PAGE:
Onlookers were left stunned when witnessing an eagle collide with a live powerline, get electrocuted and fall to the ground in Comox.
The incident, which Don Tait captured photos of, happened at Point Holmes Beach at 2:23 p.m. Wednesday, according to the time stamp on the local photographer’s camera.
“I’ve never seen anything like that before,” said Tait, recalling the moment the bird hit the line as it attempted to catch a fish carcass dangling from it.
“I was so sad. They are such magnificent birds,” he said. “There are so many people in Canada who don’t get to see these things, and we have them in our backyard all the time. They’re gorgeous to see.”
It was a bike ride for Tait that he won’t soon forget.
“As I was riding, a saw a bald eagle along the waterline flying parallel to me. He had a fish carcass in his talons. He started to fly up to clear the powerline, and his feet were probably down because of the carcass he was carrying,” he recalled.
“It was low enough that it caught on the power line, and the carcass ended up hanging on the line. The eagle flew off, but I caught him (trying to) get the fish off the line.”
According to Tait, the bird made “various passes,” but it was on the fourth pass when things turned fatal.
“I think what happened was he got his talon wrapped around the powerline. That spun him 90 degrees, and with his wing outstretched, he lost momentum and started to drop a little bit. Then, his wing touched the powerline. That’s what caused the electrocution,” he said.
“He fell straight down onto the boat ramp.”
He says that’s when another witness at the beach reached out to the Mountainaire Avian Rescue Society (MARS), a Merville-based hospital that aids ill and injured animals.
Melissa Steinkey, a MARS wildlife rehabilitator, was working that day and actually saw the bird herself, saying a local plucked it off the road and brought it in to be disposed of.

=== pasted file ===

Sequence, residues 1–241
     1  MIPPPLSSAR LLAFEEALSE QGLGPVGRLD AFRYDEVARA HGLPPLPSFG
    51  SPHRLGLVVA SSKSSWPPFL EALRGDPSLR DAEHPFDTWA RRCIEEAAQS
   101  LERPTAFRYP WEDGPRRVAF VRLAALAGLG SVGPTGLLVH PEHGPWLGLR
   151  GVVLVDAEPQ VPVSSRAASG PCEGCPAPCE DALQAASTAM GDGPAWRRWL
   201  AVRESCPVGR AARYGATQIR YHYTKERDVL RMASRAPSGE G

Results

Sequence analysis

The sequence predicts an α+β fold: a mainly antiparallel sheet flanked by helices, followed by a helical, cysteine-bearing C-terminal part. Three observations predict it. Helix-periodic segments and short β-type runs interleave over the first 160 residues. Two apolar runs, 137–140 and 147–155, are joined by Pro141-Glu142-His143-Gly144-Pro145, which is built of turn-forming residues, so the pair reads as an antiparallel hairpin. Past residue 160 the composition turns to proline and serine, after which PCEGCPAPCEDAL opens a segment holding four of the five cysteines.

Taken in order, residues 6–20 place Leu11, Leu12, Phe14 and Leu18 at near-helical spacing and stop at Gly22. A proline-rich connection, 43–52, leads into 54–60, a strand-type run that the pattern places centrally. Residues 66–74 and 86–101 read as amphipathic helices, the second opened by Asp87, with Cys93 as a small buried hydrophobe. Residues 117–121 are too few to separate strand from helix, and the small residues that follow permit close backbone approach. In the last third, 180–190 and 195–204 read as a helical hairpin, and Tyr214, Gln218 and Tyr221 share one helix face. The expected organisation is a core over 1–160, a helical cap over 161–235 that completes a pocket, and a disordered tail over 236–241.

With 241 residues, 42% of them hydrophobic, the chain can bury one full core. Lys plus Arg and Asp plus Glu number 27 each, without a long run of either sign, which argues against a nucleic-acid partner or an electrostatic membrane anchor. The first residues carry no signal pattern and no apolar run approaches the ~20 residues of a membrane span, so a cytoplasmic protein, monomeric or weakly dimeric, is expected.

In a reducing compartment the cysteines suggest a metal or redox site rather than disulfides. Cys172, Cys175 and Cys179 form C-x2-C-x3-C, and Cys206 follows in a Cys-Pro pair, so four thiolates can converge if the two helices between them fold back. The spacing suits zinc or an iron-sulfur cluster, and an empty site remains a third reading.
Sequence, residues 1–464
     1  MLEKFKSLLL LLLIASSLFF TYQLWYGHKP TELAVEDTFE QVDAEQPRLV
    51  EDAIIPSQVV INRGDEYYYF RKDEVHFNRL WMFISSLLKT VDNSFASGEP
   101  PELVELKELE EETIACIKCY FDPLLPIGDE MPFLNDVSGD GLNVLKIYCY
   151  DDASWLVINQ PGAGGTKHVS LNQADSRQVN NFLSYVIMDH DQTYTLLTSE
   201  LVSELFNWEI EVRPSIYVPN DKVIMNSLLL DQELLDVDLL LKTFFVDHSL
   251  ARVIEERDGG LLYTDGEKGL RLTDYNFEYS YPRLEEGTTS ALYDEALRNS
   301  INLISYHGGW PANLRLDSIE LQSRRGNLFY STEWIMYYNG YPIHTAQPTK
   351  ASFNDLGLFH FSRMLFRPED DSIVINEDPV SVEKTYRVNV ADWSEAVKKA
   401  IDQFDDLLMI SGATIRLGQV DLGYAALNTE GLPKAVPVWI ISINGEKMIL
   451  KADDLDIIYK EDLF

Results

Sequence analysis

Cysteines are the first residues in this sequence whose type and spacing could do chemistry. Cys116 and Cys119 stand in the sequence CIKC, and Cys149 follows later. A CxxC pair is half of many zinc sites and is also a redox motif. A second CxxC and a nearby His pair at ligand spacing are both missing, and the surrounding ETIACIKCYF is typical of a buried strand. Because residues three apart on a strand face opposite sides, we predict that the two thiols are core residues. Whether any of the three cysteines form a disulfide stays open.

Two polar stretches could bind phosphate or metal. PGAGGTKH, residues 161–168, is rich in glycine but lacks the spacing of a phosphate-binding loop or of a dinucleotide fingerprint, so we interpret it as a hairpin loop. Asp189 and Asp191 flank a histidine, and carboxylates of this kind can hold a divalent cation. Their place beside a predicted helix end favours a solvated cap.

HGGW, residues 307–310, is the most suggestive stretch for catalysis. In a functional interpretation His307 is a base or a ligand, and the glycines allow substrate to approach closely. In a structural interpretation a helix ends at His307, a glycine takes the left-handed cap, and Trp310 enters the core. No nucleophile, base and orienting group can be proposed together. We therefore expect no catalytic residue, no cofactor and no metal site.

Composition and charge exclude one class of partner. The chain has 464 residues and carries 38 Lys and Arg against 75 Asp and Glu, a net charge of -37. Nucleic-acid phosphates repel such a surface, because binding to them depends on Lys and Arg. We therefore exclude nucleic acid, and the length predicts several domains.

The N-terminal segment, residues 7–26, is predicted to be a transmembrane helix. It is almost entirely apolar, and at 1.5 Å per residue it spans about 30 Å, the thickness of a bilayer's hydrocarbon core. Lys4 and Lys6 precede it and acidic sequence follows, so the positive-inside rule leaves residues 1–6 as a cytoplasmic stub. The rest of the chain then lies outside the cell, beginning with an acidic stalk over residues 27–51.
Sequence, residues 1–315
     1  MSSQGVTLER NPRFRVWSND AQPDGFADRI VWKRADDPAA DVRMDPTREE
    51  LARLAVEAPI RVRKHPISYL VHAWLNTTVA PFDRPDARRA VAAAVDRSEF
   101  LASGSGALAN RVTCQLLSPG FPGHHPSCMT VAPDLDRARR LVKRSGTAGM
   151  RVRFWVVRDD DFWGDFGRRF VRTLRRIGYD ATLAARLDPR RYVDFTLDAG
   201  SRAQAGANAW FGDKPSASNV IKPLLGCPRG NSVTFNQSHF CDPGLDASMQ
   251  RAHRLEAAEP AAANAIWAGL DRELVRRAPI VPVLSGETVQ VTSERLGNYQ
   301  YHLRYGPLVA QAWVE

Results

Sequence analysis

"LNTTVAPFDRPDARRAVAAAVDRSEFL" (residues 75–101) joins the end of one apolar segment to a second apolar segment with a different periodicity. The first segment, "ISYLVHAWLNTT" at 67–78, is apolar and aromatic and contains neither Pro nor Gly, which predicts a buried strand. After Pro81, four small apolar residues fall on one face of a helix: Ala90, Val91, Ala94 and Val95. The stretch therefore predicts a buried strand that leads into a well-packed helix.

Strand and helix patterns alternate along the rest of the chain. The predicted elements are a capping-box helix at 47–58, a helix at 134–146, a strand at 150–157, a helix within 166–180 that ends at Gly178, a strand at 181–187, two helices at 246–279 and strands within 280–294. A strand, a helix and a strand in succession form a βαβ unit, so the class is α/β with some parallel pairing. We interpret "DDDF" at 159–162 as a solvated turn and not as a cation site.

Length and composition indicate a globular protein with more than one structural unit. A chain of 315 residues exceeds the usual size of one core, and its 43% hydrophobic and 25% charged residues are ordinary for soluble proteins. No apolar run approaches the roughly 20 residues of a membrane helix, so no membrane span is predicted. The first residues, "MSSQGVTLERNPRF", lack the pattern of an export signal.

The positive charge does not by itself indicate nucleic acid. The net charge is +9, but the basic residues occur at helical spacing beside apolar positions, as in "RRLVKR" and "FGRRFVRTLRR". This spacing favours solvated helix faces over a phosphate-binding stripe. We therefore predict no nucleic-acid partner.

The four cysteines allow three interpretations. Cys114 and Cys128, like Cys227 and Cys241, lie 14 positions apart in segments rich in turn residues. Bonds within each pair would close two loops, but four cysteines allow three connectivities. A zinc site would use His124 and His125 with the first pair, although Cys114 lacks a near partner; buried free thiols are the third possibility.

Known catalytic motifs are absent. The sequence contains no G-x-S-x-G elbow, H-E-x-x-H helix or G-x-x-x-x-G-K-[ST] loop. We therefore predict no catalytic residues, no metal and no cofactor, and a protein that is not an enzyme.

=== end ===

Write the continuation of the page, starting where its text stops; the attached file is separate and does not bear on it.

“We had a volunteer transfer it up to us,” she said in an interview with CHEK News. “If not, Mainroads usually handles that if it’s a dead animal on the side of the road.”
For Steinkey, it’s not uncommon for birds to get electrocuted.
“We have had electrocutions pretty much anywhere that there are power lines,” she said. “We’ve had a fair amount of eagles come in over the years with electrocution just from a variety of areas all over the Island.”
Steinkey says there is a way to treat birds in these situations, but the success rate is “very low,” and it’s usually difficult to determine the internal damage.
“A bird can seem fully recovered, but a month later, it could come back with issues. It doesn’t always cause death right away, but it can cause serious injuries,” she explained.
“We want to make sure that BC Hydro is notified as well,” she said. “They actually put flashers up on the powerlines to help deter birds. It allows them to see the lines a little better and hopefully miss them.”
That’s a good reminder, considering this incident caused a power outage.
“When (I got home and) saw (the microwave) flashing, I opened up the exit data on the image and saw that it was exactly the same time,” added Tait.